Hillary Clinton plans to fill half of her Cabinet with women if she’s elected president, according to the New York Times.
Reporter Patrick Healy talked to a dozen Clinton campaign advisers and allies to get a sense of Clinton’s goals and strategies for her presidency. Healy’s sources told him that Clinton hopes this move would bring "a new tone and collaborative sensibility to Washington."
If she reached this goal, she would match Canadian Prime Minister Justin Trudeau, who recently gave Canada its first gender-equal Cabinet — "because it’s 2015," as he put it then.
Clinton also floated the idea in April, when asked about Trudeau’s move on The Rachel Maddow Show. But the new report makes clear that it’s still a prominent part of her thinking.
And even just setting that intention is historic for a US president.
"We definitely don't have precedent for a president saying, ‘I’m going to appoint, or even try to appoint, women in half the Cabinet,’" said Kelly Dittmar, an assistant professor of political science at Rutgers University Camden and scholar at the Center for American Women and Politics (CAWP). "To my knowledge, Obama never did that, even though he obviously made some effort to increase the number of women in Cabinet or Cabinet-level appointments."
Gender parity in cabinets is rare
There have been just 30 female Cabinet secretaries in the United States since 1933, when Frances Perkins became the first female Cabinet member as the secretary of labor under Franklin Delano Roosevelt.
CAWP keeps track of how many women have served as both Cabinet secretaries and in other Cabinet-level positions. The organization keeps track of both the Cabinet positions, like the secretary of state, and the Cabinet-level positions, like the White House chief of staff. There are currently 16 Cabinet positions and seven Cabinet-level positions.
Until President Bill Clinton’s first term, Dittmar said, women always made up less than 20 percent of the Cabinet. Then women’s representation reached an all-time high of 41 percent during Clinton’s second term.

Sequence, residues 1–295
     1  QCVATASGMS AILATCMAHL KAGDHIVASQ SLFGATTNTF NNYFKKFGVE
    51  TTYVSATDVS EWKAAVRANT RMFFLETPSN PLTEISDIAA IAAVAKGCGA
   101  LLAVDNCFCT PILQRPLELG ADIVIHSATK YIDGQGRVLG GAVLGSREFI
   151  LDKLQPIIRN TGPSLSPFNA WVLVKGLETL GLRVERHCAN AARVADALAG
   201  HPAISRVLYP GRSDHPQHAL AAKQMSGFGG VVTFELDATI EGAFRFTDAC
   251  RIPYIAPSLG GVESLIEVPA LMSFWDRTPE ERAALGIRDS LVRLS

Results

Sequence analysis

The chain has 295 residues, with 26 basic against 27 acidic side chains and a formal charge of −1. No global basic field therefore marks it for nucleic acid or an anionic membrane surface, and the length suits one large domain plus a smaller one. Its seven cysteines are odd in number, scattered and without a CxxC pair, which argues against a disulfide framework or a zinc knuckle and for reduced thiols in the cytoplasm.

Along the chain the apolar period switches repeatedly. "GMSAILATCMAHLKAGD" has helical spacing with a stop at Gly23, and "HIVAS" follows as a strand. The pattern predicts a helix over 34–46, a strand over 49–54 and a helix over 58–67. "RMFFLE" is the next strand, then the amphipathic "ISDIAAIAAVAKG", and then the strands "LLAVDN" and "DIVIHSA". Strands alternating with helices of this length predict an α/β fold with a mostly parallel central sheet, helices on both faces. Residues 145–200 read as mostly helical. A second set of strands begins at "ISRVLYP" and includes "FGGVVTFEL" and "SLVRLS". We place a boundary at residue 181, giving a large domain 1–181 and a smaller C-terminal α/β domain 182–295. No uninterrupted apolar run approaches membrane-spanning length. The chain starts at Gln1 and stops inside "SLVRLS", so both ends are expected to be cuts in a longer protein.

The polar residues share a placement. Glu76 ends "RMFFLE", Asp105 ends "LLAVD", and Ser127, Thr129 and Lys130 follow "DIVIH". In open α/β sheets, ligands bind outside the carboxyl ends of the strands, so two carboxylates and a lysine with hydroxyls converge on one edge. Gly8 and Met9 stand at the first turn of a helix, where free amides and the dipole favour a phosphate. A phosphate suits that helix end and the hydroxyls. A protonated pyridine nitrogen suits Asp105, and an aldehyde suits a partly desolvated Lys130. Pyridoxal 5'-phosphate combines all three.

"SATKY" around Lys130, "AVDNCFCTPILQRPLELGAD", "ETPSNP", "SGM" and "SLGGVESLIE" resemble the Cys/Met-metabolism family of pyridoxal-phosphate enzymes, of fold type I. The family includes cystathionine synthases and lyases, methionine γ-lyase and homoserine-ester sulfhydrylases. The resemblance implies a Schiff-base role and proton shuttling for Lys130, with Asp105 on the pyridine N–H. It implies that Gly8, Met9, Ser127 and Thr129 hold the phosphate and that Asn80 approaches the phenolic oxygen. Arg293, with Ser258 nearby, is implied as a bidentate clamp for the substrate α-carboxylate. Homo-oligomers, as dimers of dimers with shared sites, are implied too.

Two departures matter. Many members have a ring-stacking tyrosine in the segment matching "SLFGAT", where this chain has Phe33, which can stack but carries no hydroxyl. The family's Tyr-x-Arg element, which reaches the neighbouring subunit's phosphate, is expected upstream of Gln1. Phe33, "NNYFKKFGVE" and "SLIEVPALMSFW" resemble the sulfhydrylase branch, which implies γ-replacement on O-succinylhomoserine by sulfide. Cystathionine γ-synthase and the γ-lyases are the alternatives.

That fell to 19 percent in George W. Bush’s first term and rose slightly to 24 percent in his second.
The maximum number of women serving at any one time in President Obama’s Cabinet has been about 35 percent in his second term — eight women in a total of 23 Cabinet or Cabinet-level positions.
In addition to Canada’s, gender-equal cabinets do exist around the world; Chilean President Michelle Bachelet appointed one in 2006, and Spanish Prime Minister José Luis Rodríguez Zapatero did so in 2004 and 2008. Other countries have pledged to increase women’s representation in government, and research shows that more women are being appointed to more traditionally "masculine" or high-prestige roles.
But while these are encouraging signs, it’s still pretty rare to see a government with a gender-equal cabinet.
This fits with Clinton’s renewed focus on gender in this campaign
Appointing a gender-equal Cabinet isn’t the only way Clinton hopes to strike a new, more collaborative tone — and a more feminine leadership strategy. She also plans to abandon the tradition of doing business over sports like golf or basketball, and instead have personal conversations with her rivals and allies over drinks.
"She likes to cajole, she likes to make deals, and she likes to make friends," Richard Socarides, a former policy adviser to Bill Clinton, told Healy. "And she knows it’s much harder to go after someone who you basically like, who you’ve had a drink with."
The fact that Clinton is making all of this a priority makes a lot of sense given her current campaign strategy, Dittmar said. Clinton has been much more willing to speak openly about her gender and the historic nature of her candidacy than she was in 2008 — and that’s probably closer to how she herself feels about it.
"As someone who has been working for women's equality her whole life and talking about women's inclusion, this is more in line with the Hillary persona than it was in her 2008 campaign," Dittmar said.
We don’t have much research to indicate how gender parity in the US Cabinet would specifically affect policy. But we do have research suggesting that women often govern or legislate differently, focusing more on policy priorities that specifically affect women.
And we know that when more women attain higher office, it has a ripple effect that helps inspire more women to seek office down the line.
All of this means that a Hillary Clinton presidency could be a game changer for women’s representation in politics — through both the women she directly appoints and the women she indirectly inspires to run themselves.